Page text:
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Originally from Missouri's boot heel, Russell's family moved to Huntsville in the early 1950s, when his father took a teaching job at Sam Houston State University. The elder Russell also created a side business in his garage called Educational Filmstrip Network, producing and distributing educational films to schools across the country. In the late 1980s, the company went video, changed its name to Educational Video Network, and business exploded. If in high school you ever saw a video about the French Revolution or the dangers of driving drunk, chances are it was one of Russell's. Recent titles include "Dying for a Smoke" and "Ecstasy: When the Party's Over."
The company's success allowed the family to buy much of the property in the Russells' neighborhood, creating an area of Huntsville called Russellville, where many of EVN's employees live for little or no rent. Russell spent the 1990s sinking about $3 million into 2,800 acres of woodlands sprawling through San Jacinto and Walker counties. Some of this property fronts Lake Livingston, extremely valuable land that Russell has protected from development with 99-year conservation easements. Steve Loy, Russell's friend and wildlife manager, calls the Holy Trinity Wilderness Cathedral a tax burden, not a cash cow.
One surefire way to make yourself noticed in Huntsville is to create your own weird-sounding religion that holds its meetings in the woods at night. Then, dispatch artisans to hand-build a marble replica of the pyramid of Cestius and tell everyone it's going to be your father's tomb. After that, make sure you launch about 250 rant-filled .org Web sites with names like adamwasblack and jesus hateschristians. To top it off, erect a big blue billboard on FM 980 and mark it with a crucifix, a Star of David and a Muslim crescent. If that doesn't piss off enough people, start sticking bodies straight into the dirt.
That last one got the attention of SHECO, which was surprised to find out that what it thought would be a slam-dunk power line addition turned into a battle over so-called hallowed ground.
What's worse, some of the co-op's alternative routes involve running part of the nine-mile line through a nearly 200-year-old cemetery (where folks are buried the old-fashioned way). Now, critics of the different routes are weighing in on the battle before the Texas Public Utility Commission.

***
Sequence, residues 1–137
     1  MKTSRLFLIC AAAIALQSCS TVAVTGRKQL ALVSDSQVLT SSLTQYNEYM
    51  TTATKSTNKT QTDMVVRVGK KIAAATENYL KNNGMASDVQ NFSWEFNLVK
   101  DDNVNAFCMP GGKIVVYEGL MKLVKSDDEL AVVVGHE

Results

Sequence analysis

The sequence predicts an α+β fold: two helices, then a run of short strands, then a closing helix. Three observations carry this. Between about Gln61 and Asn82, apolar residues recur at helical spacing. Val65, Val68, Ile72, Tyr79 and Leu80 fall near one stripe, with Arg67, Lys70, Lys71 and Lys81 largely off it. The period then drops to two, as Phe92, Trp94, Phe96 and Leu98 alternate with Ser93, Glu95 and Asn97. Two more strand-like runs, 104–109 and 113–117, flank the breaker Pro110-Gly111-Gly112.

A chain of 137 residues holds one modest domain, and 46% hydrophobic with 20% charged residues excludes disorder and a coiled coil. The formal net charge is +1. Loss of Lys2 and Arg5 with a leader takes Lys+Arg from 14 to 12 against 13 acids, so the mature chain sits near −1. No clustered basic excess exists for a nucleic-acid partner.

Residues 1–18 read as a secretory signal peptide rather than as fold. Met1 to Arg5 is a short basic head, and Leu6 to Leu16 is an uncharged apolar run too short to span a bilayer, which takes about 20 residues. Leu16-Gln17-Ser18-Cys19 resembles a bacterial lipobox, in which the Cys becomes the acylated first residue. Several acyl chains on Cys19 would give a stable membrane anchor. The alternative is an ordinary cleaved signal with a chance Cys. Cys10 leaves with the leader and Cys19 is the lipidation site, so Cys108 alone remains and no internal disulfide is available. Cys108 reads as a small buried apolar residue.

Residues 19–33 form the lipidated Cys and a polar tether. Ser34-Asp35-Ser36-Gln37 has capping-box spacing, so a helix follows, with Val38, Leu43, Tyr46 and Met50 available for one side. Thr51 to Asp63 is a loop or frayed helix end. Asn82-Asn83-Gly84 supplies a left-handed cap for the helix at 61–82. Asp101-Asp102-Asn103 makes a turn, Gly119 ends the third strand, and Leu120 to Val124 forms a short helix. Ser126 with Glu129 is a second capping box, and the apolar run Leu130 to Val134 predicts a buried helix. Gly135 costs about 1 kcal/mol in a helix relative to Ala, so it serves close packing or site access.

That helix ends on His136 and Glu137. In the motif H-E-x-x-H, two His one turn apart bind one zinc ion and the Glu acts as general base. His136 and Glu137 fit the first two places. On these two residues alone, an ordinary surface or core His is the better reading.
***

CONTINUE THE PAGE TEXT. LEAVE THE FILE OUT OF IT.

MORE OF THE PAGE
Russell says he's fighting an evil corporation that doesn't respect religion or the dead. The co-op's Austin attorney, Mark Davis, says he pretty much has a headache.
Davis accuses Russell of creating the cemetery out of spite and sticking the inaugural corpse in a spot only he can easily identify. The grave's makeshift marker appears to be a weathervane, but if the marker is ever knocked over or obscured by debris, the grave's GPS coordinates are listed on ethicianfamilycemetery.org.
According to Russell's online grave directory ("Who's Who in the Cemetery"), the first man laid to rest in the Ethician Family Cemetery is Rick Gallagher, a 40-year-old "food service worker." Per cemetery guidelines, Gallagher was posthumously anointed as an Ethician. Russell says he checks the grave every day to make sure Gallagher's corpse hasn't been mauled or dragged away by coyotes.
Driver's license information for Gallagher, listed on Publicdata.com, shows his last known address as a Conroe apartment. But as far as Davis is concerned, Gallagher was a homeless man from Houston whom Russell saw as the perfect anonymous soul to hold up the power line. Davis is not impressed with the cemetery, or with the Universal Ethician Church.
"He's invited me to come down there and make me a deacon in his church and lather me up with some oil, and I've managed to avoid that so far," Davis says from Austin.
What he hasn't managed to avoid is a daily influx of FedExed manifestos demanding the co-op to provide information on such subjects as "THE NEGATIVE IMAGE OF TEXAS AS A BACKWARD 'REDNECK' STATE THAT REFLECTS POORLY ON ITS BEAUTY AND CHARACTER [and] THE NEGATIVE IMAGE THAT WOULD LIKEWISE BE REFLECTED UPON SHECO AS BEING BACKWARD AND INSENSITIVE TO PRESENT AND FUTURE GENERATIONS OF NOT ONLY THEIR OWN CUSTOMERS BUT OF PRESENT AND FUTURE GENERATIONS OF TEXANS AND ALL AMERICANS AS WELL."
Then, to really make his point, Russell will invoke the Almighty.
"SHECO IS HEREBY COMMANDED BY THE BOARD OF THE ETHICIAN FAMILY CEMETERY AND THE UNIVERSAL ETHICIAN CHURCH TO CEASE AND DESIST FROM ALL CURRENT AND FUTURE ATTEMPTS TO DESECRATE GOD'S HOLY GROUND."
Chief among Russell's concerns are the sanctity of his land's longleaf pines, rare red-cockaded woodpeckers and ten pages' worth of plant names. And, of course, the dead guy.
Chief among SHECO's concerns are improving reliability and shortening the outage time to its 50,000 customers in ten counties.
"There's no mystery to this at all," Davis says. "The cooperative doesn't like going out and spending this kind of money on a project unless there's really a need for it and unless the customers are really going to see some benefit from it."
But thanks to Russell's cemetery gauntlet, Davis says, the cost of the PUC battle will trickle down to the customers. And the allegations don't stop, he says. One of the latest is Russell's contention that SHECO's power line will threaten homeland security.